Report: Door-to-Door Encounters

April 19, 2024
Dwight Sabourin

Sharing our faith door-to-door, is it a disappearing ministry? It can be controversial with endless information available online. Some say, “Why bother people, the Lord can reach them in other ways?” Yet, the Lord said “Go” (Matt. 28:19). Surely door-to-door witnessing fulfills that command.
Starting out can be daunting unless one is fortunate enough to have an experienced friend alongside. I have appreciated considerable help and encouragement from a friend of mine, who was a missionary for 15 years, and who is currently an elder in his local assembly. He says, “How can you not do door-to-door when you know that the Holy Spirit will open up the hearts and minds of some of the people you meet for a significant Gospel conversation? Seeing God work in this way is a sheer delight and wonder every time. Do not do door-to-door in your own strength; it will discourage you. It requires serious spiritual preparation. To God be the glory.”
When God puts a desire into our hearts and we respond, He empowers us by His Spirit and rewards us for obedience. Hebrews 13:20-21 says, “Now the God of peace, that brought again from the dead our Lord Jesus, that great shepherd of the sheep, through the blood of the everlasting covenant, make you perfect in every good work to do His will, working in you that which is well pleasing in His sight, through Jesus Christ; to whom be glory for ever and ever. Amen.”


Methods can vary according to the location and one’s individual preferences. Ringing doorbells with face-to-face contact is a direct method. Prayer before, during, and thanksgiving after are crucial for both those who accept the Gospel, as well as those who refuse it. Two examples of face-to-face contact are distribution of Scripture and doing Bible surveys. In summertime, if it is evident that there are kids in the home, we offer an Awana brochure for the fall. Some difficulties I have experienced include barking dogs making it difficult to hear, loose stones on the steps, the door opening just as we were putting literature in the door handle, and a mailbox falling off while placing literature.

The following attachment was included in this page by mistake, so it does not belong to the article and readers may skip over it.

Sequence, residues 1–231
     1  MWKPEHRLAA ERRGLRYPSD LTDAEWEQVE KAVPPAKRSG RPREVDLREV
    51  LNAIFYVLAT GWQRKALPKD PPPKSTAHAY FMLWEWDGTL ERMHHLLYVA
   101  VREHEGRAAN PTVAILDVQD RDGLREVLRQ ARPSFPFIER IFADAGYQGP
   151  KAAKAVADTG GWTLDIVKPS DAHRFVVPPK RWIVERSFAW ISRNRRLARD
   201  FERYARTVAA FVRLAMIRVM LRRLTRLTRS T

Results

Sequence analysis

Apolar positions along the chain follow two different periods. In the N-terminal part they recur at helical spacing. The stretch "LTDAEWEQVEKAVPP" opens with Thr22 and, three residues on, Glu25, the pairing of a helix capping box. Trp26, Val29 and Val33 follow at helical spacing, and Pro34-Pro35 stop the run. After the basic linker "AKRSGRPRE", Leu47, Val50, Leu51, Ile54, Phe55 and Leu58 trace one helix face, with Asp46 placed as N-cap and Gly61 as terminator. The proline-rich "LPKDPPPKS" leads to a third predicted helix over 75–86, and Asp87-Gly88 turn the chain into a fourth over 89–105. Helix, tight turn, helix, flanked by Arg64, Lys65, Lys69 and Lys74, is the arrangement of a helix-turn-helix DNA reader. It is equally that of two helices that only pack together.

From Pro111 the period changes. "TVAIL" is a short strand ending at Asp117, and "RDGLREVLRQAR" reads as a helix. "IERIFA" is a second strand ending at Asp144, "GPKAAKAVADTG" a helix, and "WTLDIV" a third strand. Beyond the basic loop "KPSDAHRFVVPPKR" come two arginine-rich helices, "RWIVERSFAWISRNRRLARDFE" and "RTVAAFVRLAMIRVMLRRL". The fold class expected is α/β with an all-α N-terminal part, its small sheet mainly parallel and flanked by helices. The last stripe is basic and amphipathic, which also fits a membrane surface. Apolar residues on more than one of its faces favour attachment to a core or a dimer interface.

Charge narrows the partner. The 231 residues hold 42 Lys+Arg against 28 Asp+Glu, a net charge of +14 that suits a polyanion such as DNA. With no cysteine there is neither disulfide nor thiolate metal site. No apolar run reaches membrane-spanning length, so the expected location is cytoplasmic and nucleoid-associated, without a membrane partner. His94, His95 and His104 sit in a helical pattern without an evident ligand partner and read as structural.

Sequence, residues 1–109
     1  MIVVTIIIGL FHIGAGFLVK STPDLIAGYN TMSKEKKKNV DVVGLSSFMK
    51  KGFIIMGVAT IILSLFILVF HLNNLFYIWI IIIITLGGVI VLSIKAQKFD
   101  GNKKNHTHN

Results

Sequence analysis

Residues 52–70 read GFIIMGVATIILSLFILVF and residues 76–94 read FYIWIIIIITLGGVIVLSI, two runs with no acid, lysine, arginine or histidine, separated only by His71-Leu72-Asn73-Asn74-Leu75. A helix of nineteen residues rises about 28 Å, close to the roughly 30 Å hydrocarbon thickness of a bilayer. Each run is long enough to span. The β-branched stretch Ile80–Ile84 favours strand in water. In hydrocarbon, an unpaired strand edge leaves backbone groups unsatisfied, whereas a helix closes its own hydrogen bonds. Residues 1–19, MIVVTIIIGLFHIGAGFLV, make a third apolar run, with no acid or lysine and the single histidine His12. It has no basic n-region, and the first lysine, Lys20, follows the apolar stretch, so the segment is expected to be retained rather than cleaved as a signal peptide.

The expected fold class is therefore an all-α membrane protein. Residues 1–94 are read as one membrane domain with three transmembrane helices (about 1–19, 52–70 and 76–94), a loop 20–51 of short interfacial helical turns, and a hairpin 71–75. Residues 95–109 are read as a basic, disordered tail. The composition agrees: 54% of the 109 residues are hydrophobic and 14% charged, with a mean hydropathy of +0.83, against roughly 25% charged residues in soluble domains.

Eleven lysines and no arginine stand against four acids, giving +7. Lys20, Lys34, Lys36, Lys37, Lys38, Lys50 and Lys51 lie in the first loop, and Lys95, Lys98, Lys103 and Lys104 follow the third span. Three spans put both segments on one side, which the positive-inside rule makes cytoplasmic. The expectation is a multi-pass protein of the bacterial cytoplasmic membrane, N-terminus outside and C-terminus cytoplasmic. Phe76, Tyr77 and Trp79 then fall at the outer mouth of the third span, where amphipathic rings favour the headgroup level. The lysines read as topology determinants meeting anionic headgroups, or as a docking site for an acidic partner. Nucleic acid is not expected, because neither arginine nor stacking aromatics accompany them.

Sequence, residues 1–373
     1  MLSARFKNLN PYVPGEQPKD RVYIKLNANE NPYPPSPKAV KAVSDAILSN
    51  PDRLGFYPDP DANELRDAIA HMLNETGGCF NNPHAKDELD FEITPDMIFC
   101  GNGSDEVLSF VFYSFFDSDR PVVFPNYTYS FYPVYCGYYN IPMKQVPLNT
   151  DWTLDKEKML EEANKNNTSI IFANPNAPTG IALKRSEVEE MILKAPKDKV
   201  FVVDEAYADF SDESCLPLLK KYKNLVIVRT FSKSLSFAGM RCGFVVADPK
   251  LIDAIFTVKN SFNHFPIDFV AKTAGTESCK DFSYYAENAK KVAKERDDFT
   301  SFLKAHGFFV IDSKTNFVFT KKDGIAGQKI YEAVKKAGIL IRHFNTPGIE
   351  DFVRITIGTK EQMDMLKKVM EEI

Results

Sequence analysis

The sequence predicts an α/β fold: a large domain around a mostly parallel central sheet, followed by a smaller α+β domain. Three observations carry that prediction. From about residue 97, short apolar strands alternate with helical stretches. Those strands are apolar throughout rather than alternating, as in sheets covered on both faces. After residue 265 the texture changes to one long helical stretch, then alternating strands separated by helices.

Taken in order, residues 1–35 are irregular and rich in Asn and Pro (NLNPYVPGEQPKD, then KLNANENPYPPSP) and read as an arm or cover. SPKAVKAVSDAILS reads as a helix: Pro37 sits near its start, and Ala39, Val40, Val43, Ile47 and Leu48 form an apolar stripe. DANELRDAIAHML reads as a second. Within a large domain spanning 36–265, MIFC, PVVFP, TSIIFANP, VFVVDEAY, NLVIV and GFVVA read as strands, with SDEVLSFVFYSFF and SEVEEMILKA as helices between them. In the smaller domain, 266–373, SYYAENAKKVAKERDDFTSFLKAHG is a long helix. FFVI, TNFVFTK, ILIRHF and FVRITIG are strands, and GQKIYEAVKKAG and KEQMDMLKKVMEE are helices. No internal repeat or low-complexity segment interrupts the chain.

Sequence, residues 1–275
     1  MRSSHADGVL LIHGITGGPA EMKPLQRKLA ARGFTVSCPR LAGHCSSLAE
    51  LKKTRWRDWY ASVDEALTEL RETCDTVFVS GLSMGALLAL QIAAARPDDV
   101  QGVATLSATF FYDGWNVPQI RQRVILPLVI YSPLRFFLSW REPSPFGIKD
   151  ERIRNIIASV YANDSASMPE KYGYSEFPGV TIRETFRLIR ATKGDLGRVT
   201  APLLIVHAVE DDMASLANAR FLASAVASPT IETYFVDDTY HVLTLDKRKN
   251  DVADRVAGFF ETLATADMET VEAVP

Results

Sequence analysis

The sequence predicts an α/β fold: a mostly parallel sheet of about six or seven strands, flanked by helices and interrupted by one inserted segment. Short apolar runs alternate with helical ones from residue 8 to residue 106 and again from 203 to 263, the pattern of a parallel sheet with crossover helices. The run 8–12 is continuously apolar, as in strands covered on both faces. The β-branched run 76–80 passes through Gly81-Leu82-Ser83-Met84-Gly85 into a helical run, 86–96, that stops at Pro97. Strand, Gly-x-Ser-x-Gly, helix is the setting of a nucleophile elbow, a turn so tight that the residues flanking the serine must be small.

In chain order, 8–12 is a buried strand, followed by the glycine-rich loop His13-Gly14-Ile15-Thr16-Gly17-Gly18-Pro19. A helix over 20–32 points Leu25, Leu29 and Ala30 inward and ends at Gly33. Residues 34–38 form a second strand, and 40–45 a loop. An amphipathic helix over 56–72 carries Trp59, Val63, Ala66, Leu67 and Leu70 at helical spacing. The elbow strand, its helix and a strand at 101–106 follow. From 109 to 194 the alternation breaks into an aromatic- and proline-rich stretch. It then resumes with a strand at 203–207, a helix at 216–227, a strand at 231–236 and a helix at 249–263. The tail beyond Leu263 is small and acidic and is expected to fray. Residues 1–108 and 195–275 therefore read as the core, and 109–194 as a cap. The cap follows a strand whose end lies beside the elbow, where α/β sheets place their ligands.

Unfortunately, tears are also involved in this ministry knowing that, “…narrow is the way, which leadeth unto life, and few there be that find it” (Matt. 7:14).  However, we also know that “They that sow in tears shall reap in joy!” (Psa. 126:5).

Normal Approach

When I ring the doorbell, if there is no reply, I leave a VIA Magazine1 in the mailbox, so that it is easily visible. If the doorbell is answered, I remove my sunglasses, make eye contact, and speak clearly: “I’m from the Bible Chapel, could I leave you a Scripture?” while showing the pocket-size “Living Water” Gospel of John. If the answer is yes, I reply, “the gift of God is eternal life,” or some other Scripture. Speaking the Word of God is important (Isa. 55:11). “So, then faith cometh by hearing, and hearing by the word of God.” (Rom. 10:17). I like to speak the Word of God along with written Scriptures since we have no way of knowing if they will read any of the literature. Depending on weather and response, further conversation can be pursued. 

Attitude is important

“The joy of the LORD is your strength” (Neh. 8:10). We have found being joyful and relaxed usually brings a better response. Colorful clothing can differentiate us from other groups. When we work in pairs, we work across the street from each other; only one goes to each door. Using this method we have given out 300 Gospels in six months.